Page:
The observation that administration of ergotamine tartrate regularly and promptly ends the migraine headache introduced a new approach to the experimental study of this syndrome (Tzanck,1 Lennox and von Storch,2 O'Sullivan3). With this effective tool the attack can be sufficiently shortened to permit convenient analysis of certain changes that take place in the transition from the peak to the termination of the headache. Because ergotamine tartrate predominantly affects smooth muscle, inquiry concerning its action during migraine headache was centered on the cranial blood vessels. The experiments described here were performed when the phenomena which characterize the onset of an attack, namely, scotomas, blurring of vision, paresthesias and aphasia, had already passed and had been supplanted by headache. Hence these results have no bearing on preheadache phenomena. They concern only the origin of migraine pain.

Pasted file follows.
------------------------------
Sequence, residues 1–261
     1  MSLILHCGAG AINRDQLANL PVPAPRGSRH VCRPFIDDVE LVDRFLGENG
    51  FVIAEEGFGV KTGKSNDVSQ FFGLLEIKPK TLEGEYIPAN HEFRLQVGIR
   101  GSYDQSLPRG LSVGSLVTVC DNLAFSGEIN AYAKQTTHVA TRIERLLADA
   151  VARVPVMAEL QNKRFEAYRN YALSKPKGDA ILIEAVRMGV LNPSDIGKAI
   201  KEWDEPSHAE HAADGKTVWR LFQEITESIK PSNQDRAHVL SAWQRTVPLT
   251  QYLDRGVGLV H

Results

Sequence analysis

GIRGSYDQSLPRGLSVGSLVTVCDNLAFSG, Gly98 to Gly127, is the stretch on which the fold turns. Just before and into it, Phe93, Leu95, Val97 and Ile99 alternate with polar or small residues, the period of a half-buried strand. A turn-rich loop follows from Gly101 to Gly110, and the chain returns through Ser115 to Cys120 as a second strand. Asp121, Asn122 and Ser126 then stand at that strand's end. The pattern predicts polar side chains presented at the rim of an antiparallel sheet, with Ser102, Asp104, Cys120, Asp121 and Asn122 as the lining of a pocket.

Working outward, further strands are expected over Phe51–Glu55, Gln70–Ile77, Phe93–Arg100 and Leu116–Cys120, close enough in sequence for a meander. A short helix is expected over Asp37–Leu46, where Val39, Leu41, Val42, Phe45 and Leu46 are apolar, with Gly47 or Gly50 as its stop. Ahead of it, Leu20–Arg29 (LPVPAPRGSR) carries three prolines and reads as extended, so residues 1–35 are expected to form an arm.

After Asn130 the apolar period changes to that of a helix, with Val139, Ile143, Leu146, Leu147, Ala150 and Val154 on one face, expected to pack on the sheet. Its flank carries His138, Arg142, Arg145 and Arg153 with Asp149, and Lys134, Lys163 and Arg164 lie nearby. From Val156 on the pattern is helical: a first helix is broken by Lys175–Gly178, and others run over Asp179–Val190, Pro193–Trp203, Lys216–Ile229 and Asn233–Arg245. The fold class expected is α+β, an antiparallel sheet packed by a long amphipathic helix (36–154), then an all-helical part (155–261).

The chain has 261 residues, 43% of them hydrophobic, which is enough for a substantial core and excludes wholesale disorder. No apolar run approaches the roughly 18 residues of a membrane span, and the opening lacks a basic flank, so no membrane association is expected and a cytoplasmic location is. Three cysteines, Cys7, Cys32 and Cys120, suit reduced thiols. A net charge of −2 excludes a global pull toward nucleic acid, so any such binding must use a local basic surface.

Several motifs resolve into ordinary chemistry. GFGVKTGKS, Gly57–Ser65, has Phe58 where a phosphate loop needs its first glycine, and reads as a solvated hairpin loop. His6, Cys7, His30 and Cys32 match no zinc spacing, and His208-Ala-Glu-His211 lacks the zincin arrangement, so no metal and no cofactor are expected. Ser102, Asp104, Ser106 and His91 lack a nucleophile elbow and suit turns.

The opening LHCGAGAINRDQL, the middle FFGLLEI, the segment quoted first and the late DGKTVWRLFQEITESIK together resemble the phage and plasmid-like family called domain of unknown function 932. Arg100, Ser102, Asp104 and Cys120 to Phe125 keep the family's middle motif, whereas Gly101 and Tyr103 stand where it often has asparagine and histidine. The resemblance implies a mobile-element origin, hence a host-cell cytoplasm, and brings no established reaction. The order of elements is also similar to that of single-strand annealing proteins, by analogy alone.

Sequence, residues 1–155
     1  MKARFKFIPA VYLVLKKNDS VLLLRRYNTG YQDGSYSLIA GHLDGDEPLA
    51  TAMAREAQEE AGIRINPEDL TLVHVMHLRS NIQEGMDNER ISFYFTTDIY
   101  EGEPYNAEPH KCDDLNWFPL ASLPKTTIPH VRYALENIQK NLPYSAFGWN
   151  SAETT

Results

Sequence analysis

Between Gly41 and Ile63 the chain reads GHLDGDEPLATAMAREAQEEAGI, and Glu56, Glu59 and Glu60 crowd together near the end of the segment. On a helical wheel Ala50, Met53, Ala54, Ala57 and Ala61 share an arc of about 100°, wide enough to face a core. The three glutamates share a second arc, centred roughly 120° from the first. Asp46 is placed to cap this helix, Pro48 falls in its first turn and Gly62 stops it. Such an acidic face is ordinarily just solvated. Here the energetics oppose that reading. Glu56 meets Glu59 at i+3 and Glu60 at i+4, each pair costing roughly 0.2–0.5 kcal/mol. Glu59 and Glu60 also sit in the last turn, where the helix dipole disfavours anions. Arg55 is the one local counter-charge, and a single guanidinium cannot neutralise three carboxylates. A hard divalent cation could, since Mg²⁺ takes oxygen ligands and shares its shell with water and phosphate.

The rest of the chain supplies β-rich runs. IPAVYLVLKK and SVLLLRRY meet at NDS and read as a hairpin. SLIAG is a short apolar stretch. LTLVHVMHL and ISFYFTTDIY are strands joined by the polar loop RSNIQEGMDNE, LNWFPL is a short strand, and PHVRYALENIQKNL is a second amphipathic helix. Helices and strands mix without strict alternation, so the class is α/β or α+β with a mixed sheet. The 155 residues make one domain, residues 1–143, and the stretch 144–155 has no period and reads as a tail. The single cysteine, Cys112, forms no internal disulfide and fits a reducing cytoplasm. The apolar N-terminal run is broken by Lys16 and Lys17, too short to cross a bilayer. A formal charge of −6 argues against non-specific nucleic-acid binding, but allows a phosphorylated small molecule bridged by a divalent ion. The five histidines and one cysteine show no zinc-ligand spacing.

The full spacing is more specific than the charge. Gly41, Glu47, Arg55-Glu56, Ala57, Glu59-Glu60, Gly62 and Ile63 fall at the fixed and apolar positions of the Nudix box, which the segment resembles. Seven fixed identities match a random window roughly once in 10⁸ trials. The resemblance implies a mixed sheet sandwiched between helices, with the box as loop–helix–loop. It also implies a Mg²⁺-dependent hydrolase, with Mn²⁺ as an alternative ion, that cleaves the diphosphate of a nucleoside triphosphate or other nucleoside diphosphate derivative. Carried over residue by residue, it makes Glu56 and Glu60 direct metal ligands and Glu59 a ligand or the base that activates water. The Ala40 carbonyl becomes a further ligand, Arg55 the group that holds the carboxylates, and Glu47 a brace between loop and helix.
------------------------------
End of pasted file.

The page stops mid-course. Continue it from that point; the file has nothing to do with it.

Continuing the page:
Experimental analyses were made during thirty-two attacks of migraine occurring in sixteen